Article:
Choice and the Alienated EgoDONALD DEMARCO
Why, even though abortion has been virtually unrestricted for years, do so few women who have undergone abortion ever talk about it?
Torontoís Globe & Mail (July 19, 2008) featured a sociological look into women who had abortions. Titled ďThe Hidden Abortion Issue,Ē it explored why, though abortion has been unrestricted in Canada for two decades, so few women who have undergone abortion ever talk about it, even with close friends.
Journalist Cate Cochran does not provide any answers to the question she poses, and seems slightly perplexed that in "liberal" Canadian society there remains a "stigma around the procedure that dare not speak its name."
If abortion is simply a "choice," as pro-choice advocates never tire of reiterating, why is it still associated with a stigma and followed by feelings of guilt, a sense of shame and regret, and a brooding silence?† The notion of being "pro-choice," which simplifies abortion propaganda into simple-mindedness, is so ingrained in the minds of abortion advocates that they have accepted the rhetoric and left out the reality.
One woman interviewed, who had undergone an abortion at the age of 33, expressed her dilemma in the following way:† "Iím not entitled to the grief that I have because I chose my loss."† She could not have articulated the matter more succinctly or more pointedly.† The root of her dilemma, though one not expounded in the article, is her unexamined belief that she could isolate choice from any consequence that would be undesirable.† The radical weakness of pro-choice advocates is that they do not understand the basic dynamic of choice.† Making a choice, especially one that is fraught with moral implications, is like throwing a stone into the water.† There are going to be ripple effects.† Choosing is not like directing a laser beam that focuses on one specific object and excludes everything else.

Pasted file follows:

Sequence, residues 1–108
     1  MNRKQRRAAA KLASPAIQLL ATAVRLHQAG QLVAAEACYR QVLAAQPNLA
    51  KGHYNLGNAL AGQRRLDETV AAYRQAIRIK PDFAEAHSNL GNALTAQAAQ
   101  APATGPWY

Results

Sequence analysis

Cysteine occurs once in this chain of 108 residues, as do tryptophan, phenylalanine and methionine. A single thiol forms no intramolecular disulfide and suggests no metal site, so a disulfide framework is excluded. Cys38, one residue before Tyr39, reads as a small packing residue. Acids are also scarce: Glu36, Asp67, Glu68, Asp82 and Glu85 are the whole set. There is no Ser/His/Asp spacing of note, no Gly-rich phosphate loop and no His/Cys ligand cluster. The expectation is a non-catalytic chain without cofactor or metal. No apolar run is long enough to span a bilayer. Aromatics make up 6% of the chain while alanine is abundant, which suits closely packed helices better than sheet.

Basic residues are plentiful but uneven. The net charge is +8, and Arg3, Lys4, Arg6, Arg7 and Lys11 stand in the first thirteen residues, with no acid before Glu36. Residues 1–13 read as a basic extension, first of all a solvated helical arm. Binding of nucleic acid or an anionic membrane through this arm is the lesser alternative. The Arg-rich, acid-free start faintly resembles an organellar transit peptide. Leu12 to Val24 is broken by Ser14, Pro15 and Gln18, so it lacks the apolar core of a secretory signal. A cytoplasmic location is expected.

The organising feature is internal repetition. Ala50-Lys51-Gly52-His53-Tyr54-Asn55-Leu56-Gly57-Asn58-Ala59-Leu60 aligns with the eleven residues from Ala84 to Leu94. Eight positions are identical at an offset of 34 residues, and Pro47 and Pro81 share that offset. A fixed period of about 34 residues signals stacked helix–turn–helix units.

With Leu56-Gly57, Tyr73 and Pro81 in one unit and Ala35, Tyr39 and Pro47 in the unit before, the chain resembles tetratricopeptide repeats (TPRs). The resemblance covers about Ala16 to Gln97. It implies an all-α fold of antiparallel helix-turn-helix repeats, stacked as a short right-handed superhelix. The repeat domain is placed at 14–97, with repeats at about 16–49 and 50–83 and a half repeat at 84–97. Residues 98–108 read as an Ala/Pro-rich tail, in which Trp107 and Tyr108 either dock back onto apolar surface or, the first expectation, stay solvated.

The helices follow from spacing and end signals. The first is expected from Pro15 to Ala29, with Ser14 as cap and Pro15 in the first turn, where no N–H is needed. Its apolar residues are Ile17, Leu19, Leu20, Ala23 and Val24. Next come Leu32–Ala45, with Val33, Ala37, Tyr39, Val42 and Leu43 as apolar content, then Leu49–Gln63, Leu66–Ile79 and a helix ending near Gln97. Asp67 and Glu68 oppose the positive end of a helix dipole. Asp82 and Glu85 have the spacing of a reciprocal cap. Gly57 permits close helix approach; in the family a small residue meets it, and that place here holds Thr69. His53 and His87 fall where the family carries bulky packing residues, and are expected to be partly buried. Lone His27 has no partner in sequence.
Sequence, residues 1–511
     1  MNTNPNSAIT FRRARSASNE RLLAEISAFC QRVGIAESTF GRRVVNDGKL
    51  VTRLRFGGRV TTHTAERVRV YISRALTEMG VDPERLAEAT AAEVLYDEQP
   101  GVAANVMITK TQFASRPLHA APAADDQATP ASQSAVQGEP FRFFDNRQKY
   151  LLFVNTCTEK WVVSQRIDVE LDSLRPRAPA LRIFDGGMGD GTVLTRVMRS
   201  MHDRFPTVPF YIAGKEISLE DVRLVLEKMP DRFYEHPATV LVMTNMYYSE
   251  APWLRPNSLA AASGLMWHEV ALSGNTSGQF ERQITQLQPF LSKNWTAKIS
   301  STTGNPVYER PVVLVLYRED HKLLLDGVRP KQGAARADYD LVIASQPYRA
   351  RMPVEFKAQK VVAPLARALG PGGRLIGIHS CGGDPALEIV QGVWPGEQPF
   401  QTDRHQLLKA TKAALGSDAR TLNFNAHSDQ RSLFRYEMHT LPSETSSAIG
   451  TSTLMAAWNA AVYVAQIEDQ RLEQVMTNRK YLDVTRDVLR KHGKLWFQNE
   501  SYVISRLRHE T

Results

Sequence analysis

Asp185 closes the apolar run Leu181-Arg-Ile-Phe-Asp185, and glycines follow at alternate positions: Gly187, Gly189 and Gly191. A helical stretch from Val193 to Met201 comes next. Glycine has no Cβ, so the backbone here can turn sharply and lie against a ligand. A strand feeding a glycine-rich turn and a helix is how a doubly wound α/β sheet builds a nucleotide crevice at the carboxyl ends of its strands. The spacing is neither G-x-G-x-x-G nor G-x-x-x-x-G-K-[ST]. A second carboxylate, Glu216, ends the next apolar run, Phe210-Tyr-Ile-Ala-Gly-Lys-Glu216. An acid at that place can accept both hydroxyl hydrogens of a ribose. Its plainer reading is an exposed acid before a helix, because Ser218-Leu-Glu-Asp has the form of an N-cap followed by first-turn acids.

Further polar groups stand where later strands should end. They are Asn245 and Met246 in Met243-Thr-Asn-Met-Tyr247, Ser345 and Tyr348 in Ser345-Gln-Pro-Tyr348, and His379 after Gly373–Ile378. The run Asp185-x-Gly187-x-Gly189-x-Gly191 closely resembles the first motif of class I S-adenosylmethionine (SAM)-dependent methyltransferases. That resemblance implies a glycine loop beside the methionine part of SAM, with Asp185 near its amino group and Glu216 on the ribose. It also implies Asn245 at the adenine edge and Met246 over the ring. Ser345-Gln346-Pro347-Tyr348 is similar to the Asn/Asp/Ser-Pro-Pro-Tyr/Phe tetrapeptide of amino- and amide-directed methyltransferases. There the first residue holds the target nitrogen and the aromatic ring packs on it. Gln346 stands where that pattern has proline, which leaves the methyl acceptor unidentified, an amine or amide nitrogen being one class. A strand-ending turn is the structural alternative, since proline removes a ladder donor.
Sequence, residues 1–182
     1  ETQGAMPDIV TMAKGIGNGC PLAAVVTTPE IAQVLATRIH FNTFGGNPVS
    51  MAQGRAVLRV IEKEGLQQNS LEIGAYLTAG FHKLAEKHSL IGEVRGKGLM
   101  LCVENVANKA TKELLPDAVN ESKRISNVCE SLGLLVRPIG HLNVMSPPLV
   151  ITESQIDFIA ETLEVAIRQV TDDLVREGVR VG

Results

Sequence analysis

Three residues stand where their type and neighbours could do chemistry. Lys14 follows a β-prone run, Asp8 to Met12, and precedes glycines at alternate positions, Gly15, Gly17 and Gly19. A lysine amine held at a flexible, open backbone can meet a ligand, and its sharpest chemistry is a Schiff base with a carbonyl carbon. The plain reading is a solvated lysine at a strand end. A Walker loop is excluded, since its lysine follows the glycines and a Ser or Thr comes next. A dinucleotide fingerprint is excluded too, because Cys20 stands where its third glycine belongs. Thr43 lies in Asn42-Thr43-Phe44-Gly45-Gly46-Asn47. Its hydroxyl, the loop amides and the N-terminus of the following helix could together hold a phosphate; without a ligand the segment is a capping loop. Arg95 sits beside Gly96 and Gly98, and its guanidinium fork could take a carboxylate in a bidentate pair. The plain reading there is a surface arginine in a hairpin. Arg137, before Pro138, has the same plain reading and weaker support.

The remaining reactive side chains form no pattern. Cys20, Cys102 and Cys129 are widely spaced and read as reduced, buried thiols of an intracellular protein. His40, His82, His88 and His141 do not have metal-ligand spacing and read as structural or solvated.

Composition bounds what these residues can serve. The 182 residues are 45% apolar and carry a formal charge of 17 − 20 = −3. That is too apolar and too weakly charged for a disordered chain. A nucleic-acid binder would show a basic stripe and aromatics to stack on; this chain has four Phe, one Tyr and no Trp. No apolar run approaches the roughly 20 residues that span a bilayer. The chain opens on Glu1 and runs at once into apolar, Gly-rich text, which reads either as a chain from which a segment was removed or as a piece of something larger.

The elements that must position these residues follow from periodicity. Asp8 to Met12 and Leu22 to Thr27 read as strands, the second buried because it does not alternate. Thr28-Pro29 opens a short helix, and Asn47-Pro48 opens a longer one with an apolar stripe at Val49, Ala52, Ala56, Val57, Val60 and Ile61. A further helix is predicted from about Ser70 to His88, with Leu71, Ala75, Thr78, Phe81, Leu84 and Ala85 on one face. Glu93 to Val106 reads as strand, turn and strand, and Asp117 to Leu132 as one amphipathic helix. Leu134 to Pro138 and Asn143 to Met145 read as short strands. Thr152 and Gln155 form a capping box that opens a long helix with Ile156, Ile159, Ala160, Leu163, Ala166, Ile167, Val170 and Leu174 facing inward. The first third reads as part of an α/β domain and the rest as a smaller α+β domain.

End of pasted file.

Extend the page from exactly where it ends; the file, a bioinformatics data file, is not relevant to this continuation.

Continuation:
Choice has consequences.† It is naÔve in the extreme to think that a moral choice is so pin-pointed that it produces but one consequence, namely the one that is desired.† A better word than "consequence," however, is repercussion.† A consequence is something that a cause produces.† It may be innocuous.† As a consequence of the rain, the ground is wet.† But a repercussion is a consequence that comes back and bites you.† Abortion not only has consequences, it has repercussions.† And these repercussions are well documented in the medical journals.
Our primal parents made a choice and brought about an avalanche of repercussions that have resounded throughout history, often with catastrophic effect.† Their descendents can hardly commend them for being "pro-choice".† Their choice brought about, among other things, shame, the piercing sense that they had made a disgraceful choice, one that was not worthy of them, one that was not true to their whole nature as persons.† The freedom they thought their choice would bring them turned out to be slavery.† The elevated status they sought proved to be a Fall.
The ego sees things very clearly because it sees them simplistically and therefore unrealistically.† It envisions but one consequence per choice, the desirable one, and no repercussions.† Choosing abortion, consequently, is simply choosing to end and unwanted pregnancy.† What could be simpler?† So where did the grief come from?† The grief was in the equation at the very beginning, something that the person would have noticed, but not the ego.† The ego sees only what it wants to see.† Everything is baby simple.† The person sees much and understands how a choice, though aimed at one desirable result, can bring with it a train of tragedies.† "Oh what a tangled web we weave when first we practice to deceive," warned Sir Walter Scott.† G. K. Chesterton said something quite similar when he spoke of the "falsification of fact by the introduction of self."